In Praise of Difficult Women : Life Lessons from 29 Heroines Who Dared to Break the Rules
by Karbo, Karen; Strayed, Cheryl (FRW); Glyder, Kimberly (ILT)







Foreword11(4)
Cheryl Strayed
Introduction15(3)
J. K. Rowling
18(6)
Elizabeth Taylor
24(18)
Gloria Steinem
42(10)
Amy Poehler
52(6)
Ruth Bader Ginsburg
58(6)
Josephine Baker
64(16)
Rachel Maddow
80(6)
Coco Chanel
86(10)
Martha Gellhorn
96(10)
Shonda Rhimes
106(6)
Eva Peron
112(20)
Helen Gurley Brown
132(18)
Edie Sedgwick
150(8)
Angela Merkel
158(10)
Billie Jean King
168(8)
Jane Goodall
176(12)
Vita Sackville-West
188(10)
Elizabeth Warren
198(8)
Margaret Cho
206(6)
Amelia Earhart
212(14)
Frida Kahlo
226(16)
Nora Ephron
242(6)
Diana Vreeland
248(8)
Kay Thompson
256(18)
Laverne Cox
274(6)
Hillary Rodham Clinton
280(8)
Janis Joplin
288(20)
Lena Dunham
308(6)
Carrie Fisher
314(17)
Acknowledgments331(2)
Sources333


Presents information on female rule-breakers, including Josephine Baker, Jane Goodall, Margaret Cho, and Hillary Rodham Clinton.





KAREN KARBO is the author of multiple award-winning novels, memoirs and works of nonfiction. Her best-selling "Kick-Ass Women" series includes The Gospel According to Coco Chanel: Life Lessons from the World's Most Elegant Woman, which was an international bestseller. Karbo's short stories, essays, articles and reviews have appeared in Elle, Vogue, Esquire, Outside, the New York Times, Salon, and other publications. She is a recipient of a National Endowment for the Arts Fellowship in Fiction, and a winner of the General Electric Younger Writer Award. Karbo lives in Portland, Oregon, where she continues to kick ass.





Karbo, author of The Gospel According to Coco Chanel (2009), compiles this epic collection of mini biographies. The selection of subjects ranges from painters to politicians; from Josephine Baker to Margaret Cho to Amelia Earhart to Laverne Cox. All 29 women profiled fit Karbo's definition of a "difficult woman": unapologetic, uncompromising, and undeterred by the obstacles of living in a sexist society. Each of the essays highlights the trickiest moments of its subject's life and how she blasted through whatever glass ceiling was in her way-all told with Karbo's conversational warmth and sharp wit. Countless memorable stories about familiar figures can be found within: the time Frida Kahlo was commissioned to paint a portrait in memory of a friend and in turn presented a gruesome image of the friend's suicide; how Angela Merkel celebrated the fall of the Berlin Wall by not missing her weekly scheduled sauna; and endless Carrie Fisher comebacks. Overall, the book is a wonderfully readable introduction to today's and history's heroines who refused to follow the rules. Copyright 2018 Booklist Reviews.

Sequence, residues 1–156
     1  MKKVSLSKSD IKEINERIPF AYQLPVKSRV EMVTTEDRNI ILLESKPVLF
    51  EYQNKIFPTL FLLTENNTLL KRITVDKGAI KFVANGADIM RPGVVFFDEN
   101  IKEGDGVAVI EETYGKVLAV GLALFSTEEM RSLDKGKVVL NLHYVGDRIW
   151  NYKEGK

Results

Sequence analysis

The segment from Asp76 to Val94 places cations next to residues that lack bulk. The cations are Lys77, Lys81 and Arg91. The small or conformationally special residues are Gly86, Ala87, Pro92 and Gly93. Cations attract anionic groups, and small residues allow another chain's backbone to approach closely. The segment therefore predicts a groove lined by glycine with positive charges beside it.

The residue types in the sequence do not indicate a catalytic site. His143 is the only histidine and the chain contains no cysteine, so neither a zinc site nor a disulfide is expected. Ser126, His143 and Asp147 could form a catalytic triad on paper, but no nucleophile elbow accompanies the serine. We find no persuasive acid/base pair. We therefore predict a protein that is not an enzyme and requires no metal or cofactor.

Karbo (Julia Child Rules: Lessons on Savoring Life, 2013, etc.) sketches the lives of 29 extraordinary women.The author defines "difficult" women as those who believe their "needs, passions, and goals are at least as important as those of everyone around" them. In this book, Karbo creates word portraits-accompanied by drawings-of modern women who refused to let any social, cultural, or personal barriers stand in the way of their respective "mission[s]." Her subjects run the gamut from writers, artists, and performers to athletes, politicians, and media executives and include luminaries such as J.K. Rowling, Josephine Baker, Billie Jean King, Helen Gurley Brown, and Hillary Clinton. Karbo begins each portrait with one word that helps describe the woman: Rowling is "feisty," Baker "gutsy," King "competitive," Brown "relentless," and Clinton "ambitious." She then highlights those parts of her subjects' lives that have earned them reputations as "difficult." Despite m onumental success as a novelist, Rowling refused to allow herself to be "imprisoned by her role as creator of one of the most beloved fictional universes in literary history." Dancer Baker dared to shake "body parts no one knew you could shake" up until four days before her death at age 68. King, who beat fellow tennis player Bobby Riggs in a 1973 "battle of the sexes" tennis match, fought tirelessly for "equal pay, equal treatment [and] equal respect" for women athletes. For more than 50 years, Brown advocated that women should not only enjoy the glamorous life, but also become sex objects, the better to enjoy the sexual freedom. Clinton kept moving forward toward lofty goals like the presidency despite the sexual and political scandals that rocked her husband's administration. Refreshingly frank, Karbo's book celebrates women who forged provocative identities and found life fulfillment despite the odds they faced. Inspiring reading about women who have shown "that it's all right to occupy our humanity." Copyright Kirkus 2017 Kirkus/BPI Communications. All rights reserved.






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